As the final barrier to the nude body, lingerie is simultaneously modest and erotic, and it remains a subject of enduring fascination. The design of lingerie enhances its allure: it strategically reveals, conceals, and highlights the wearers form. As French lingerie designer Chantal Thomass observed, The essence and attitude of lingerie is all in suggestion.
Exposed: A History of Lingerie traced developments in intimate apparel from the 18th century to the present. There are two types of lingerie, hard and soft. Hard lingerie includes corsets, bustles, and structured bras, while soft lingerie consists of unstructured garments, such as slips, nightgowns, and panties. As the relationship between dress and the body has been redefined over time, so too have the function and appearance of lingerie.
Iris nightgown, printed nylon, c. 1950, USA, gift of Mrs. A. S. Guimares, 75.183.80.
Claire McCardell evening dress, printed nylon, 1950, USA, gift of Mr. and Mrs. Adrian McCardell, 72.61.182.
The concept of underwear-as-outerwear is most commonly associated with the 1980s, but the look of lingerie has long served as inspiration for fashion garments. Exposed opened with several pairings of objects that underscore that connection. A nylon nightgown by lingerie label Iris was shown alongside an evening gown by Claire McCardell, created in a similar fabric and silhouette. Both date from the 1950s.
Corset (stay), silk, silk ribbon, whalebone, c. 1770, possibly Europe, Museum purchase, P82.1.16.
Peignoir (morning robe), embroidered wool, c. 1878, USA, gift of Florence Anderson and Mary A. Seymour, 80.1.5.
Saks Fifth Avenue camiknickers, crepe chiffon, silk satin, c. 1924, France, Museum purchase, P86.63.5.
The exhibition continued chronologically. A corset from circa 1770, made from sky blue silk, was the earliest object on view. While corsets were essential to maintaining both a woman's figure and her modesty, they also held an erotic allure. Many 19th-century undergarments were characterized by their modest designs and humble materials, but by the early 20th century, intimate apparel was often as beautiful and seductive as it was functional, a concept that was epitomized by colorful petticoats and opulent tea gowns. Meanwhile, many styles of underclothing were becoming more streamlined, corresponding to the slimmer silhouettes of outer garments. Elasticized girdles had replaced constricting corsets by the 1920s, while bras, slips, and even lounging apparel also took new, modern forms.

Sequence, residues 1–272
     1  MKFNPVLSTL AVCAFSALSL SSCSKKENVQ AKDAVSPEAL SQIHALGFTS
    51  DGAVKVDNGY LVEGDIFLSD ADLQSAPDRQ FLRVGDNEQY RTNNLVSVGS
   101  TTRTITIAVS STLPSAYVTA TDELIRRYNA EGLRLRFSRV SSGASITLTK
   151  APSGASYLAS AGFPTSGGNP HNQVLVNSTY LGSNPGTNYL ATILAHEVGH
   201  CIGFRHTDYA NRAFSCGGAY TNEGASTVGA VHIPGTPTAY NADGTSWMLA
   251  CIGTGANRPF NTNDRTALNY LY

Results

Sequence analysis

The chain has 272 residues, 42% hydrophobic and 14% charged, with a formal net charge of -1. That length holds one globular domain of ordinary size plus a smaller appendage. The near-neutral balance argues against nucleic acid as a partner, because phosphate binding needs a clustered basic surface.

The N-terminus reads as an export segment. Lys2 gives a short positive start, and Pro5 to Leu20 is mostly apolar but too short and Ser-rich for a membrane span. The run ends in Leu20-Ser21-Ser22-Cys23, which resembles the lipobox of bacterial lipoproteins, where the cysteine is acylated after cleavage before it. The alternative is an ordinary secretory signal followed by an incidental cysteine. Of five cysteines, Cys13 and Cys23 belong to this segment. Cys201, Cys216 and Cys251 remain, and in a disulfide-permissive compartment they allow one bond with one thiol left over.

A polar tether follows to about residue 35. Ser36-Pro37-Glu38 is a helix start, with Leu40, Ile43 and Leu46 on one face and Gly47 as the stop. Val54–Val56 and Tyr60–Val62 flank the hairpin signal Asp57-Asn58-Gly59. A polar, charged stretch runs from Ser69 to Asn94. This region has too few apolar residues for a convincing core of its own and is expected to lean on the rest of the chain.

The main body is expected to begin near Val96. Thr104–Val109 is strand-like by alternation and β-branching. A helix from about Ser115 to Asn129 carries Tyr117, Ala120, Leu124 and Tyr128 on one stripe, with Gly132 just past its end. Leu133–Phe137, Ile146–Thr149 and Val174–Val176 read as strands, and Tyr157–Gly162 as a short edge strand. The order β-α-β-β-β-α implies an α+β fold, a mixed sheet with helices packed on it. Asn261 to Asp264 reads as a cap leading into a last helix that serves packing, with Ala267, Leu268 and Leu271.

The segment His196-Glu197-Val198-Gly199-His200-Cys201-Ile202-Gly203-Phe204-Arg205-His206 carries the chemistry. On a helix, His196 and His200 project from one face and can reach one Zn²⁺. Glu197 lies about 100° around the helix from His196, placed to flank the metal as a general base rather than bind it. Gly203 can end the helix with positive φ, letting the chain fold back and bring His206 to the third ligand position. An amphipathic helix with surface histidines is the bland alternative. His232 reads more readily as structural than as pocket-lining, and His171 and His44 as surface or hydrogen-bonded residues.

Poirette overwire bra, nylon lace, stretch satin, 1949, USA, gift of Bestform Inc., 2000.89.15 / Christian Dior petticoat, nylon net, horsehair net, silk taffeta, 1951, France, gift of Despina Messinesi, 75.86.5B.
Lady Marlene bustier, lace, jersey, satin, boning, c. 1988, USA, gift of Ady Gluck-Frankel, 93.159.65.
Suki Cohen (Sarah Cohen) bodysuit and bolero jacket, stretch nylon, neoprene, 2014, Columbia, gift of Suki Cohen, 2014.11.1 & 2014.11.2.
During the 1950s, the return of the hourglass silhouette demanded more rigid foundation garments, such as corsets and stiff tulle petticoats. These styles were directly contrasted in the following decade, when unstructured lingerie in featherweight fabrics was worn to complement revealing, youth-driven clothing styles. The 1980s saw a return to luxurious undergarments, such as lacy teddies and provocative bustiers, which were often inspired by designs of the past. While sexy, high-end labels such as Agent Provocateur and La Perla thrive in the 21st century, the expanding lingerie market offers styles for every woman, from classic to fashion-forward, comfortable to overtly seductive.
Exposed: A History of Lingerie was organized by Colleen Hill, associate curator at The Museum at FIT. A book accompanying the exhibition is available from Yale University Press, and features over 70 full-color photos of objects featured in the exhibition.
For more info about the exhibition, read the press release.